matching results for page

Cited passage

Style
Citations are available only to our active members.
Sign up now to cite pages or passages in MLA, APA and Chicago citation styles.

"Portraying himself as an honest, ordinary person helped Lincoln identify with his audiences." (Einhorn, 1992, p. 25).

"Portraying himself as an honest, ordinary person helped Lincoln identify with his audiences." (Einhorn 25)

"Portraying himself as an honest, ordinary person helped Lincoln identify with his audiences."1

1. Lois J. Einhorn, Abraham Lincoln, the Orator: Penetrating the Lincoln Legend (Westport, CT: Greenwood Press, 1992), 25, http://www.questia.com/read/27419298.

Cited passage

Welcome to the new Questia Reader

The Questia Reader has been updated to provide you with an even better online reading experience.  It is now 100% Responsive, which means you can read our books and articles on any sized device you wish.  All of your favorite tools like notes, highlights, and citations are still here, but the way you select text has been updated to be easier to use, especially on touchscreen devices.  Here's how:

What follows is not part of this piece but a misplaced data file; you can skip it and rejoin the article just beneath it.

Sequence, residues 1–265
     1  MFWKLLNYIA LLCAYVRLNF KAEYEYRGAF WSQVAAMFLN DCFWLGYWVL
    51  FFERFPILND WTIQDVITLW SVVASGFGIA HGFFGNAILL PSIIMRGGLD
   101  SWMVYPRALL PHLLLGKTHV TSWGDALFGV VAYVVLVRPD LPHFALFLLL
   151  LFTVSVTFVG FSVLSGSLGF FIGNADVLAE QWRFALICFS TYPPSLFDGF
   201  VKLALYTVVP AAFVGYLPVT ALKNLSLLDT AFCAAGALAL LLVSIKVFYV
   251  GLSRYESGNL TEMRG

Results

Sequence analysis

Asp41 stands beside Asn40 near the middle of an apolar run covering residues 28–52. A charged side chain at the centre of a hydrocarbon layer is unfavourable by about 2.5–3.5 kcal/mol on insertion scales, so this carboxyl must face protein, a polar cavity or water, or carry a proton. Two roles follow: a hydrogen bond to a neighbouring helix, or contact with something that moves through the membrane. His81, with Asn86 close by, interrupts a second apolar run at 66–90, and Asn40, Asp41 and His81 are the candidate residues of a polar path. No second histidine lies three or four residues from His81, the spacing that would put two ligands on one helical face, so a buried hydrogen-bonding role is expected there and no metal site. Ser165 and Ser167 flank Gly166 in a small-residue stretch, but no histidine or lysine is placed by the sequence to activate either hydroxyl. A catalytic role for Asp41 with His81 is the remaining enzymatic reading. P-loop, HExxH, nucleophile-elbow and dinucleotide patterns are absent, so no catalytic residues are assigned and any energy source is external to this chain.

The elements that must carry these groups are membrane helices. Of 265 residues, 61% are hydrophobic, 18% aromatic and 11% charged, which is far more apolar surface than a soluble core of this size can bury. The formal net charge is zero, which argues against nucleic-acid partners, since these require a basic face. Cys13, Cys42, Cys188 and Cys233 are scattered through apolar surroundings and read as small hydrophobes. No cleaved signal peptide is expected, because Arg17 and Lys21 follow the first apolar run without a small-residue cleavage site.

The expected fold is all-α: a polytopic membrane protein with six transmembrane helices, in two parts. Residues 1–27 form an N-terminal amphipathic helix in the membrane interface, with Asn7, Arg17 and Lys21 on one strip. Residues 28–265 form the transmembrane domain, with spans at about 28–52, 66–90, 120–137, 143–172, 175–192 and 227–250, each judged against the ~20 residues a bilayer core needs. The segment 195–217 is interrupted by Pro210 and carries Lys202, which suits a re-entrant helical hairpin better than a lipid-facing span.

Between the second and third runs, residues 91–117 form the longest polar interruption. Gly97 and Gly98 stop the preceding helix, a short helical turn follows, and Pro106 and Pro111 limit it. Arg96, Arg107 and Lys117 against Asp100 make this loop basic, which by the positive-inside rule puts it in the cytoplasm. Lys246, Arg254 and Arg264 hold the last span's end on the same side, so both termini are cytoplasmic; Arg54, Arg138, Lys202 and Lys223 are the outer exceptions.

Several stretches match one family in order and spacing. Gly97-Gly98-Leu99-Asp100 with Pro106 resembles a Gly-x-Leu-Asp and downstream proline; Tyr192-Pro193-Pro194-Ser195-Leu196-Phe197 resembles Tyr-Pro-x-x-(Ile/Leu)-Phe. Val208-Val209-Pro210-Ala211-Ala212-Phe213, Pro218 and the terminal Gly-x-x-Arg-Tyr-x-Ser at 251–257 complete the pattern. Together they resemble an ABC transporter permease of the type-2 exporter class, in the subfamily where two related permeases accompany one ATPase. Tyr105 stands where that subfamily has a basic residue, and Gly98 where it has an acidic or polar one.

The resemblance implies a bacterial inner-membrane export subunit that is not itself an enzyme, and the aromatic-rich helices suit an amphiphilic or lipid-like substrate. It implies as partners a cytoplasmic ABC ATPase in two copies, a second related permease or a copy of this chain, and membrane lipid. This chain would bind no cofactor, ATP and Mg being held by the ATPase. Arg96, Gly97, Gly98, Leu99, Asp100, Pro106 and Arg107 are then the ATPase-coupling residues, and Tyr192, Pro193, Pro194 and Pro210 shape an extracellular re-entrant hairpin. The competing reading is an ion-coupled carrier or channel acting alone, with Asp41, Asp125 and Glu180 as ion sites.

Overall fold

1. Click or tap the first word you want to select.
2. Click or tap the last word you want to select.

OK, got it!

Thanks for trying Questia!

Please continue trying out our research tools, but please note, full functionality is available only to our active members.

Your work will be lost once you leave this Web page.

For full access in an ad-free environment, sign up now for a FREE, 1-day trial.

Already a member? Log in now.